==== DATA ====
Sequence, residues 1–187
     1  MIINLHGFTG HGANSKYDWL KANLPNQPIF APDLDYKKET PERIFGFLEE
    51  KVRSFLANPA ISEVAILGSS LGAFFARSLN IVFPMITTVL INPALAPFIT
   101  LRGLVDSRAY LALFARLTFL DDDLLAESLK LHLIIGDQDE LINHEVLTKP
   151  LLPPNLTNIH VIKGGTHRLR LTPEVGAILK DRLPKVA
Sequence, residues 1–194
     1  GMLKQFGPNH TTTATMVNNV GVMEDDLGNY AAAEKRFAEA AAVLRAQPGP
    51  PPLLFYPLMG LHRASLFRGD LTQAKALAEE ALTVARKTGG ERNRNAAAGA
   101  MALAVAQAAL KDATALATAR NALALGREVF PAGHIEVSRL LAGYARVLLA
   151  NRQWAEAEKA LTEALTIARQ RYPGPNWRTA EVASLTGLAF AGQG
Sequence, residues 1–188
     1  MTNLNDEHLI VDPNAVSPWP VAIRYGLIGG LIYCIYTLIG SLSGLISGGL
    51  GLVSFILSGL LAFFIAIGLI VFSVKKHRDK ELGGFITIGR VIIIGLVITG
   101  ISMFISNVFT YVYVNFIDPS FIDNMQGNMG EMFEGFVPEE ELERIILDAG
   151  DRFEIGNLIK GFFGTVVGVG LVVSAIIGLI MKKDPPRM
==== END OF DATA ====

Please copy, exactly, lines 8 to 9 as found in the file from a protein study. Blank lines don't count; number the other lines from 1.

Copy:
    51  PPLLFYPLMG LHRASLFRGD LTQAKALAEE ALTVARKTGG ERNRNAAAGA
   101  MALAVAQAAL KDATALATAR NALALGREVF PAGHIEVSRL LAGYARVLLA